Therefore that is the possible significance of these protests, and when I say possible I mean slight chance.   It may move from nice political theater to full populist outrage.   If it reaches that level politicians will pay attention and respond in some fashion.  It won’t be a revolutionary change because everybody loves change as long as it is happening to someone else.  So the 1%, if it becomes politically expedient to do so, will give in a little if it means more votes.  We’ve seen that movie before during the Great Depression, where about 4 years in people took to the streets.   It will be interesting to watch what develops, if anything.


This morning I watched the morning talking heads analyze and debate The Washington Post’s Stephanie McCrummen report Sunday that Rick Perry brought friends and supporters to a West Texas hunting camp his family leased that was called “Niggerhead.”   I’m not interested in the political ramifications as that should be obvious.  What I was observing was how people were making meaning of the situation from a racial perspective.

There were those who said that it obviously meant that Perry was racist.  Of course the Perry camp said they rectified the situation in an expedient manner, offering up Perry’s record on race to dispel the developing “Perry is a racist” narrative.  Others gave the “those were just the times” narrative and place the whole incident in the accident bin of history, not reflective of the present.   One racial incident with many perspectives.

This and other types of similar situations offer us great insight into how race operates in the post-civil rights era.  Dialogue around such incidents illuminate how in this era discussion concerning race and racism center around what is going on in people’s hearts, not necessarily the incident itself.   In the post-civil rights era racial motivations are murky, sending people on an expedition to find the hidden racial meaning of commonplace incidents.

It is a significant paradigm shift to comprehend.  For instance in my dad’s era if a black man was lynched for whistling at a white woman the focus was on the injustice of the action itself and there was nothing murky about the racial intentions.   In today’s world most of the time the incident itself is sort of a bystander to the broader debate.   Consider some relatively recent incidents (Prof. Henry Gates/Cambridge Police, Don Imus/Rutgers Women’s team, etc.).  To some these are serious transgressions.  To others they are trivial.  The only people who would have such a debate over a lynching would be maybe Neo-Nazi’s.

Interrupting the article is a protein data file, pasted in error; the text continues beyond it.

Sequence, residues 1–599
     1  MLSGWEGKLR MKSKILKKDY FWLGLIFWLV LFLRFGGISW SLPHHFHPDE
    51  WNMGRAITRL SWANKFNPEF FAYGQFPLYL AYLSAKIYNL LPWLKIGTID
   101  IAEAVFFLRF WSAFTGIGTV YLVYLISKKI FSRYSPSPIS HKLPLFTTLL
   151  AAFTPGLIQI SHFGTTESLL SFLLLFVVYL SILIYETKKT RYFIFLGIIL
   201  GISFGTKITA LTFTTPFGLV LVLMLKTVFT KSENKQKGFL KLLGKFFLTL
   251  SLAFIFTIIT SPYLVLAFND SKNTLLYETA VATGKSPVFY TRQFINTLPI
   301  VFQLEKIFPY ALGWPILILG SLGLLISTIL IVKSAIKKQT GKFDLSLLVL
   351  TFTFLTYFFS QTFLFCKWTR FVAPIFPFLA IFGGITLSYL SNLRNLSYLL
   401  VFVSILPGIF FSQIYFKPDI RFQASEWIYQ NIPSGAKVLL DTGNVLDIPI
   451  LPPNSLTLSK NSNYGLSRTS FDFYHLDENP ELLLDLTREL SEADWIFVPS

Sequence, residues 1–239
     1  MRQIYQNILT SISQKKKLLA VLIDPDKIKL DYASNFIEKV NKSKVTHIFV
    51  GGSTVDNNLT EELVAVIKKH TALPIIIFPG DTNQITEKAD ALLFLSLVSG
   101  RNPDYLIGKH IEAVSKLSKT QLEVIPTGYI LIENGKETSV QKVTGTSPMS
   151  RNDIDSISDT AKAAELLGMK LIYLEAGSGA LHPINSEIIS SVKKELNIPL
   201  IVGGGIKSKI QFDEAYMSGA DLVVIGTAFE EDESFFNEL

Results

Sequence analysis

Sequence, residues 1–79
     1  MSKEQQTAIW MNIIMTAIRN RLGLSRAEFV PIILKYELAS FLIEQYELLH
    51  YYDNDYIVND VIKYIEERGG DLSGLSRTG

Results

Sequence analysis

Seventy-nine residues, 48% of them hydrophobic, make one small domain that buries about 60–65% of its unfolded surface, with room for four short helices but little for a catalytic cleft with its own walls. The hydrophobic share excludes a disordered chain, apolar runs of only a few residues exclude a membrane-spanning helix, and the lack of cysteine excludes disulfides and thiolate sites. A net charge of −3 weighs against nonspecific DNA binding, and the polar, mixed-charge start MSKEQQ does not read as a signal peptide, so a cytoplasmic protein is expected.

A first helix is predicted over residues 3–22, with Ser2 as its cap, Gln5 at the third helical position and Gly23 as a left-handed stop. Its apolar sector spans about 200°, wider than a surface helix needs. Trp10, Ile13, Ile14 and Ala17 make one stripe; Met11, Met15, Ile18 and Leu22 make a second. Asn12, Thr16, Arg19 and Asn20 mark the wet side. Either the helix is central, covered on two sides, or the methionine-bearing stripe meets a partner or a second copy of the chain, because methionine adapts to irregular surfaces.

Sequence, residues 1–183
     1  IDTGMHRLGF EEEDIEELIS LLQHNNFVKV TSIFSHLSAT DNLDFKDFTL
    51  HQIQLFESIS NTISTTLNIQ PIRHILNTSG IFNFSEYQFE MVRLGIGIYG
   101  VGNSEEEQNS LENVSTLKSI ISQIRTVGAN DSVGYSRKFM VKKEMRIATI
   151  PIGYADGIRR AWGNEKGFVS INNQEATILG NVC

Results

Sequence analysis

The framework of the broader debate centers around the question “does the incident at hand reveal racial authenticity within a person’s heart?”  That is what the talking heads were debating, not the incident itself.  Nobody disputes that it took place or that it was wrong.   I welcome these moments because in my opinion it furthers the conversation about race in America today.

Are We There Yet?

Robert Putnam’s American Grace:  How Religion Divides and Unites Us is a must read for the serious minded Christian.  In relation to race in chapter 9 (entitled “Diversity, Ethnicity, & Religion) he makes a few interesting observations.

After decades of being the least racially tolerant group, evangelicals are now virtually indistinguishable from the rest of the population when it comes to racial attitudes.  Putnam argues that evangelicals have simply followed the national trends:  never leading, always following, and now have finally caught up.  He also states that evangelical megachurches (along with catholic parishes) are the only noticeably racially diverse religious communities in America.

His observations connect with one of my previous observations that things are looking better when you look at the overall Christian landscape concerning race and faith.   If the reconciliation journey was a map of the US with the beginning point New York City and the ending point LA, perhaps we are in Pittsburgh?  Maybe even St. Louis?  We definitely aren’t in Kansas, Dorothy, but we have made some significant progress.